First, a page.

Sunday, September 30, 2012

Mother's Day Pancakes

Ty is my grandson.

Ty made pancakes for his mom on Mother's Day (with a little help). He also presented her with his first grade class's recipe book to which he had submitted the recipe. They were a hit! Here's his recipe, from his class's recipe book:

     By Ty Flansburgh

Skittles         chocolate chips
M&Ms         pancake mix

1. Mix them all in a mixer.
2. Put them on the stove in a flat pan.
3. When there are lots of bubbles you flip them.
4. Sometimes you can eat them with syrup.
5. We don't like butter on them but you can do peanut butter.
6. Dad likes that!

Pretty good for a six year old! But since I'm not six, I need a little clarification. So here's my version of his recipe:


2 C whole wheat flour
2 T sugar
2 tsp. baking powder
1 tsp. baking soda
1 tsp. salt
2 C buttermilk (or 2 T vinegar + enough milk to make 2 C total)
2 eggs, beaten
¼ C Canola oil
A handful each of
chocolate chips
Skittles (Go easy on these.)
Stir together the flour, sugar, baking powder, baking soda, and salt. Add the buttermilk, eggs, and oil. Stir with a whisk just until smooth. Gently stir in the chocolate chips, M&M's, Skittles, and blueberries.
Heat griddle. To test griddle, sprinkle a few drops of water onto it. If the bubbles skitter around, the heat is just right.
Pour about 3 T of batter onto the hot griddle for each pancake. Cook pancakes until puffed and dry around the edges and bubbly in the center. Turn and cook other side until golden brown.

Yield: About 24 pancakes
Note: Ty asked me to publish his recipe on the Internet. He (and I) hope you enjoy it!

Friday, September 28, 2012

Bread Pans

These are my old bread pans:
  They were my mother's and my stepmother's bread pans. When I left for college … 40 years ago! … I took them with me. (Don't worry, my parents had bought a whole new set of pots and pans.) There are two different patterns, all Ovenex. I love them because they are really good bread pans, but even more because they remind me of my mom and my stepmom and good things that they baked, especially my mom's bread. They also remind me of family and friends for whom I have baked bread and other things over the years.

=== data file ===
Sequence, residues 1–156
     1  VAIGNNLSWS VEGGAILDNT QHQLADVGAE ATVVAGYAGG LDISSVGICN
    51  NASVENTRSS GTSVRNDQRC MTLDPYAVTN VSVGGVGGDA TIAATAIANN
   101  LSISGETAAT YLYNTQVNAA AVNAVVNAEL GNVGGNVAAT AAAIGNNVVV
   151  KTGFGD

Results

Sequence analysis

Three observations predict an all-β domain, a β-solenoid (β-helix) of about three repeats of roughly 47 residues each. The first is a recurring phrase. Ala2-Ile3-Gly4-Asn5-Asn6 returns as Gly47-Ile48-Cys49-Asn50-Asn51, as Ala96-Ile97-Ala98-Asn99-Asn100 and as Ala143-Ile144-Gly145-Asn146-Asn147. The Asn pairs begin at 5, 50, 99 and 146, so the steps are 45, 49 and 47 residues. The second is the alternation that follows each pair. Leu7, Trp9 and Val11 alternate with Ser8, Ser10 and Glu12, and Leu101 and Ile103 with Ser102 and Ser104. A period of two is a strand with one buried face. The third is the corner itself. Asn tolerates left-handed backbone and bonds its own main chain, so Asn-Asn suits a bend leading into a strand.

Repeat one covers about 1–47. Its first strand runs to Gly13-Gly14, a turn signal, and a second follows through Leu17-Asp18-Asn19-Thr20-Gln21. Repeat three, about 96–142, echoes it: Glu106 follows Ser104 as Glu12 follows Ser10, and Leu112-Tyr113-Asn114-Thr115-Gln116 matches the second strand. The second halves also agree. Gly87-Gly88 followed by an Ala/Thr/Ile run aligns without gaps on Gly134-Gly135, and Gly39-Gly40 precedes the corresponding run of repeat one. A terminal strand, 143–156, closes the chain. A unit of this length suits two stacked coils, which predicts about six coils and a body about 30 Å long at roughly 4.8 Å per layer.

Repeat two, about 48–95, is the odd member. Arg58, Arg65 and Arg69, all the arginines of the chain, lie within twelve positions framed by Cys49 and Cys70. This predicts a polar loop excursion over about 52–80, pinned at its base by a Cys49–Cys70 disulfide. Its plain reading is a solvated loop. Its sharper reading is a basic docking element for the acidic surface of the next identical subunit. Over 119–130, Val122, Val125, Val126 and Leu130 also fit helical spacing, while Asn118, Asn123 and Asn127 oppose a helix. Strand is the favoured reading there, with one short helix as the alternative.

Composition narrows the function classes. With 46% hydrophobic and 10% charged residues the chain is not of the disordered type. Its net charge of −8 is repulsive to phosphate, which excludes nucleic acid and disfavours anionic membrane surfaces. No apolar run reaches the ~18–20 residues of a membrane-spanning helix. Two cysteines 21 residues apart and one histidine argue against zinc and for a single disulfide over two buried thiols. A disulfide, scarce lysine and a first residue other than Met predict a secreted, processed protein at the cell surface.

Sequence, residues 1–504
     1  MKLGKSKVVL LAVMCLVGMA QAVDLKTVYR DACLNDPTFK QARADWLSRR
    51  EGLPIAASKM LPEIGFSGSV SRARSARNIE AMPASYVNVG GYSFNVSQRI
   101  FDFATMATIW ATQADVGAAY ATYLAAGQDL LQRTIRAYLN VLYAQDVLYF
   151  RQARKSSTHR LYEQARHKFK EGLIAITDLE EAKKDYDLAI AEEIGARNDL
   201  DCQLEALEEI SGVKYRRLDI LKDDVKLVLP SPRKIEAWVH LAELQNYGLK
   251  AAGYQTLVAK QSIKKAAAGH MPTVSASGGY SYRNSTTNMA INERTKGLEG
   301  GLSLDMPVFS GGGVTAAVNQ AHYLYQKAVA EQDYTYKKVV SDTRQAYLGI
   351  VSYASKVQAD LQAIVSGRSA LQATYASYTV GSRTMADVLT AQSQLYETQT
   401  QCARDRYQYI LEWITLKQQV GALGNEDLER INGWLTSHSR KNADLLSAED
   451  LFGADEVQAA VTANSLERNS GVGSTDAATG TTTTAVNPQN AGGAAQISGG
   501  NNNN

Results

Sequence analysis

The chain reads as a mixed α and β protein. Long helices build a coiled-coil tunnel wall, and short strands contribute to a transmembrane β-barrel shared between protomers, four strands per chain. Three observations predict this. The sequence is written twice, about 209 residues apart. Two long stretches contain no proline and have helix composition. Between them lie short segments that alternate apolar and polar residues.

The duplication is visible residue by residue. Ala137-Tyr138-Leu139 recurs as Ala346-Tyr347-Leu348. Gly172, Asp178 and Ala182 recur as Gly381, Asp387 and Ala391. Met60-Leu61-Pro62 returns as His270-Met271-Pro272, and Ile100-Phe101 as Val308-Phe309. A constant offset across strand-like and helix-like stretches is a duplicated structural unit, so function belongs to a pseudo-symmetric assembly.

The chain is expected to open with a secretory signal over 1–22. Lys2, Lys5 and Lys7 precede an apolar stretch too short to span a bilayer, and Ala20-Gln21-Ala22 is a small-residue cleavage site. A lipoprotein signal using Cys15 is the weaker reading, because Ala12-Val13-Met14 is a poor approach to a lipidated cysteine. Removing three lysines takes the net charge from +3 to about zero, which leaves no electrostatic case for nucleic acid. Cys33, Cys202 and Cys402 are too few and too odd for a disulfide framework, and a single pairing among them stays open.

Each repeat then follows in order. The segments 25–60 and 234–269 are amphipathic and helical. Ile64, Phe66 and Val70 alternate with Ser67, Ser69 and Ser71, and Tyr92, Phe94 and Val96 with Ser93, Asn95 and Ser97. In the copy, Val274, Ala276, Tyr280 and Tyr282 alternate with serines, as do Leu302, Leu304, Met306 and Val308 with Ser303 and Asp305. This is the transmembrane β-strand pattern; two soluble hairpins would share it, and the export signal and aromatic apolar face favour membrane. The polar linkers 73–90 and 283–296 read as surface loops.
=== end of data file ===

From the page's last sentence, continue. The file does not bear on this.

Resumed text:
These are new bread pans that I just bought:

I used them yesterday and they work great. I looked lots of places in town and online for bread pans. They all cost a lot, between $9-$20 per pan. I did find a website of a restaurant supplier that would sell them for about $6 or $7 per pan if I bought 24 and paid a lot for shipping on top of that. Down the road I'm hoping I need a lot more bread pans. What to do?

I had to go to Jo-Ann Fabric and Craft for something, so I took a look. I was surprised that they had bread pans, that they appeared to be good quality, and that they were lots less expensive than anywhere else. The regular price was $4.99 each, but they were on sale for $3.74 each! They are Wilton brand, like all of their cake decorating stuff.

After that I went to Wegmans. I was in the baking aisle, so I looked and saw that they had bread pans. They had the exact same kind as the ones I had just bought, comparably priced!

So thank you, Jo-Ann's, and Wegmans proves again what an awesome store they are!

Years from now, what will be the memories that I associate with these bread pans?

Thursday, September 27, 2012

New Horizons in Bread Baking

My nearly-90-year-old stove, where I bake my bread.
Today was a landmark day. I began the process of making bread using delayed fermentation. Think sourdough starter. Until now, I've always used dry active yeast. Long, slow fermentation initiates enzyme action in the dough to maximize the bread's flavor. There is also evidence that it aids the digestion of the whole grains. All I did today was mix a little whole wheat flour and water together, let it sit, and stir it a couple of times. Peter Reinhart, through his book Whole Grain Breads, is my teacher.